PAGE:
The Mesoscale Alpine Programme (MAP) is a major international research initiative in the Alpine region. It aims towards better understanding and improved numerical prediction of atmospheric flow, precipitation, and hydrological processes in the Alpine region. Particular consideration is given to natural hazards such as heavy precipitation, flash flooding and wind storm events. The project culminated in a large international field campaign in the Alpine region in 1999 and a demonstration period of hydrological forecasting in 2007 (MAP D-PHASE). The project is linked with the World Weather Research Program (WWRP), and with the World Climate Research Program (WCRP) through the Global Energy and Water Cycle Experiment (GEWEX).
The project is a broad national and international project with dozens of participants. The Institute for Atmospheric and Climate Science is heavily involved in this project. ETH Zürich is hosting the MAP Data Center, which provides access to the field phase data. It is also playing an important role in (i) the observational activities relating to Föhn in the Rhine valley, (ii) field studies relating to the atmospheric boundary layer over complex terrain, (iii) the investigation of upper-level potential-vorticity streamers, (iv) the analysis of the Alpine wake structure, (v) the development of high-resolution atmospheric models, and (vi) the use of radar data to assess precipitation events.
D-PHASE stands for "Demonstration of Probabilistic Hydrological and Atmospheric Simulation of flood Events in the Alpine region" and is a Forecast Demonstration Project (FDP) of the WWRP (World Weather Research Programme of WMO). It aims at demonstrating some of the many achievements of the Mesoscale Alpine Programme (MAP), in particular the ability of forecasting heavy precipitation and related flooding events in the Alpine region. The MAP FDP will address the entire forecasting chain ranging from limited-area ensemble forecasting, high-resolution atmospheric modelling (km-scale), hydrological modelling, and nowcasting to decision making by the end users, i.e., it is foreseen to set up an end-to-end forecasting system.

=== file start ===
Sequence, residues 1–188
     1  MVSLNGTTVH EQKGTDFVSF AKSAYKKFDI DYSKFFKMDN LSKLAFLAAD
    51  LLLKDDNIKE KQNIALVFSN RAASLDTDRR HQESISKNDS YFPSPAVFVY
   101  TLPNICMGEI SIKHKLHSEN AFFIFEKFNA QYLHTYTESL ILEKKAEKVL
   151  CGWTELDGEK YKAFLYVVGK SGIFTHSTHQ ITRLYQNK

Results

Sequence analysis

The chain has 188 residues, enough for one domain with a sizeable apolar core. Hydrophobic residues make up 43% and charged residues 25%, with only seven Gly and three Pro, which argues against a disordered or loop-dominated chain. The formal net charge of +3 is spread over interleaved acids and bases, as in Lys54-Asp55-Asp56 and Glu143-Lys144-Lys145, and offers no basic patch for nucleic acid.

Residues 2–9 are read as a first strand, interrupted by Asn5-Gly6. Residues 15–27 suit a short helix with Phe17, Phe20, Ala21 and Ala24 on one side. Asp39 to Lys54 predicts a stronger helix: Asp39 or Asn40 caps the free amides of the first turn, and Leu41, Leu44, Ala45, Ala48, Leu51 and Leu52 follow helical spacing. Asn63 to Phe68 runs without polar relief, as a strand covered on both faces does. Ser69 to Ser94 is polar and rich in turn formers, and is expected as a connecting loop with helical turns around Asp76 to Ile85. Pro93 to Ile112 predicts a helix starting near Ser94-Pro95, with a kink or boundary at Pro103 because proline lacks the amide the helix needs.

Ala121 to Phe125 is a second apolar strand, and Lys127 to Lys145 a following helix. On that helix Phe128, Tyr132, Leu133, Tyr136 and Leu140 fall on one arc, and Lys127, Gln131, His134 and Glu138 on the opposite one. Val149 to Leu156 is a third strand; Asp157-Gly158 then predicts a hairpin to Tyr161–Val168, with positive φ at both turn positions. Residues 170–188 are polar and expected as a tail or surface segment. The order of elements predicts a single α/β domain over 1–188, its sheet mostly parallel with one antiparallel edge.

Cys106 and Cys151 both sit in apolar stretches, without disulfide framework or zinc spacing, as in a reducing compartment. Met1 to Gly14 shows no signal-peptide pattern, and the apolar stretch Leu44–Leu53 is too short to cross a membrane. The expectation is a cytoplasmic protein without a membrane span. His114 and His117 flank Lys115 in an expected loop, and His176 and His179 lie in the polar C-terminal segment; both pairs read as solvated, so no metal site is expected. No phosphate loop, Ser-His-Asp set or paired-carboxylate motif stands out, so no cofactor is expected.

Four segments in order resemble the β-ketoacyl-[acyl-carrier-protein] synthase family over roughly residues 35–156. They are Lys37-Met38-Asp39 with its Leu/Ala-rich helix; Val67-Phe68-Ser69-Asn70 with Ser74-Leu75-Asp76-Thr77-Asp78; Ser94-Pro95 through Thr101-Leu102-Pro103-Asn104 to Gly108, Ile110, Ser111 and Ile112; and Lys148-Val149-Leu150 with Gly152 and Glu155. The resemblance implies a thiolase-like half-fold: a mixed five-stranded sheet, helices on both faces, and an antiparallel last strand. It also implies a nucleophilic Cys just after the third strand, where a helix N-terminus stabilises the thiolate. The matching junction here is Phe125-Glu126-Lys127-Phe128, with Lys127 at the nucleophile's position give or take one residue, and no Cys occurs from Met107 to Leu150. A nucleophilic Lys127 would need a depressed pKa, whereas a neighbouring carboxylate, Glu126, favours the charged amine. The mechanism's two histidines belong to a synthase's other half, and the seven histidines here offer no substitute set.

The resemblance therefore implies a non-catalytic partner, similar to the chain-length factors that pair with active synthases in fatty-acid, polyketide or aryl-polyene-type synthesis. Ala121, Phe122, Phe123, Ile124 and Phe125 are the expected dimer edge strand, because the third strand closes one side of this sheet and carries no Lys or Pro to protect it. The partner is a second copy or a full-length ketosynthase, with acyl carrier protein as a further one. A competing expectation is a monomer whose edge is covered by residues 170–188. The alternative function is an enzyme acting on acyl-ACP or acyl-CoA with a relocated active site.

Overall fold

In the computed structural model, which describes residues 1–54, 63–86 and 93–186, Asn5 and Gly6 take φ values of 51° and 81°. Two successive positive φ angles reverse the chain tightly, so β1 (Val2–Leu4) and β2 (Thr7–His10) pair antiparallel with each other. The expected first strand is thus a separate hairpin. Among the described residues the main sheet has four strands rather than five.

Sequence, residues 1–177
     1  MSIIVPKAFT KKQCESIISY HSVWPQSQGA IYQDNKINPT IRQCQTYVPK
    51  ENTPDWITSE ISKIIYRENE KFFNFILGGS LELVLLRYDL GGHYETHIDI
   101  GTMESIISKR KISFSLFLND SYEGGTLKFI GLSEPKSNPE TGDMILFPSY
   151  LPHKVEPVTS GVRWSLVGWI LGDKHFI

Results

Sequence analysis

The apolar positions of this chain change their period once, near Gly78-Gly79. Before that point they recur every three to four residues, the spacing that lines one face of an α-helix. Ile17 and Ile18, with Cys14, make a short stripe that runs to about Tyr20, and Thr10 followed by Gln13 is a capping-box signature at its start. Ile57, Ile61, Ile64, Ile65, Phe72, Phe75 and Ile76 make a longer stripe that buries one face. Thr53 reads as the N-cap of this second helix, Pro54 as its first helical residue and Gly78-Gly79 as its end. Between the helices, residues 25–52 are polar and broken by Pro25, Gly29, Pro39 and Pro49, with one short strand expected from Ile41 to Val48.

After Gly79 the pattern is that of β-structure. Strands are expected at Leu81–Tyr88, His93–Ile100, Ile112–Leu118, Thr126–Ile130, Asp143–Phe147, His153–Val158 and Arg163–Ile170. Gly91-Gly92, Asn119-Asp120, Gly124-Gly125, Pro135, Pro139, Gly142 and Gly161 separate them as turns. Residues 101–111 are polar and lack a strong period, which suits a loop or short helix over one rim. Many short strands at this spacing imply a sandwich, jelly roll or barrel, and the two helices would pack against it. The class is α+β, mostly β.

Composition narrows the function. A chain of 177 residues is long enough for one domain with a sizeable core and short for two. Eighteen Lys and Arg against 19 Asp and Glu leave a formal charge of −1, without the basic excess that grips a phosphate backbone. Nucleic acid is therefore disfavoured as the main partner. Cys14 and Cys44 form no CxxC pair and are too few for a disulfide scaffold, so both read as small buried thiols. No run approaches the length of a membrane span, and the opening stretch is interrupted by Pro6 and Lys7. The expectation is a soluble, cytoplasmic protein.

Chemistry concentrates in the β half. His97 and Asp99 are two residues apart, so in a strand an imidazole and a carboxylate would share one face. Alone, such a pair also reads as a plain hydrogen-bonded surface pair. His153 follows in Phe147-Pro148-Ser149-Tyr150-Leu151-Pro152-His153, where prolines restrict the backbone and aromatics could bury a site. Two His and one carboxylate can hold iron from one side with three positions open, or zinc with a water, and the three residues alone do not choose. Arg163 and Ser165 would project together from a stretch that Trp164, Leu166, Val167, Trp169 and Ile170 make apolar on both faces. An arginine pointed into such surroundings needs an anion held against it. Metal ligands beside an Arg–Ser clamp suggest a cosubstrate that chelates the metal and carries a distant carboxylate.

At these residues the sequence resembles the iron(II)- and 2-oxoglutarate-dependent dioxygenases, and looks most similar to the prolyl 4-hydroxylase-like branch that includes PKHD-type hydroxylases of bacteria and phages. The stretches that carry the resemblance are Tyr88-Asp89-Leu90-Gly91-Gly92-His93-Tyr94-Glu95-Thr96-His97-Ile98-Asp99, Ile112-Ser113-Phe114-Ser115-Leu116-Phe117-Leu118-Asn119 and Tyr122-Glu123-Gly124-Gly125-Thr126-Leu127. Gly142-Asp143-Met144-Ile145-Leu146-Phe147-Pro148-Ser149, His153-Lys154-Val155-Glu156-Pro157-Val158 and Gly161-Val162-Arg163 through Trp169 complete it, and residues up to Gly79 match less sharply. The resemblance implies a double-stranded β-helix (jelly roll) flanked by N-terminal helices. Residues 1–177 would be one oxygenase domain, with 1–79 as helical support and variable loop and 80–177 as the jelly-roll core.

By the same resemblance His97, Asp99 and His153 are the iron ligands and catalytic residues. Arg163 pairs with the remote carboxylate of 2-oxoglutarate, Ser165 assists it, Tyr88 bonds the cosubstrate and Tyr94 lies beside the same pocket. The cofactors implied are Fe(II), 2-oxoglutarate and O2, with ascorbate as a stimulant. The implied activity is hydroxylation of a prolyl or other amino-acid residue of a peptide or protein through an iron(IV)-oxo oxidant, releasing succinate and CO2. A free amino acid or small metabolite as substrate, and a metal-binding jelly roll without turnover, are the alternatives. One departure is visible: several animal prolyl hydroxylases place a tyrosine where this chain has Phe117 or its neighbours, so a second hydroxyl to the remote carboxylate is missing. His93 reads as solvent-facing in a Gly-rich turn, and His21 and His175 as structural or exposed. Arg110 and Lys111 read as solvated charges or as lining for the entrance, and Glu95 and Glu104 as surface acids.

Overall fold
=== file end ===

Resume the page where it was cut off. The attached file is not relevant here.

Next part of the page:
In collaboration with WSL, we provide the following coupled hydrological forecast chain: An operational global atmospheric EPS (ECMWF EPS), dynamically downscaled with a limited-area atmospheric EPS (COSMO-LEPS), is used to drive the semi-distributed hydrological model PREVAH. Daily forecasts with a range of 120 h, using a subsample of 16 ECMWF ensemble members selected by the COSMO-LEPS cluster analysis are conducted. Additionally, three deterministic forecast chains are implemented using a) the operational weather forecast from MeteoSwiss (COSMO7, 7km gridspacing), b) an experimental implementation with 2km gridspacing of the same model (COSMO2) and c) MM5 with 15km gridspacing provided by IMK-IFU. The study area consists of 8 hydrological catchments, 6 of them covering the drainage area of the Lago Maggiore and 2 located north of the alps. The hydrological model runs at a spatial resolution of 500 meters and with hourly time steps. The application of this model framework during the MAP D-PHASE should help to explore possibilities, advantages and weaknesses of the hydrological EPS as well as of the simulations with atmospheric input at different spatial resolutions.
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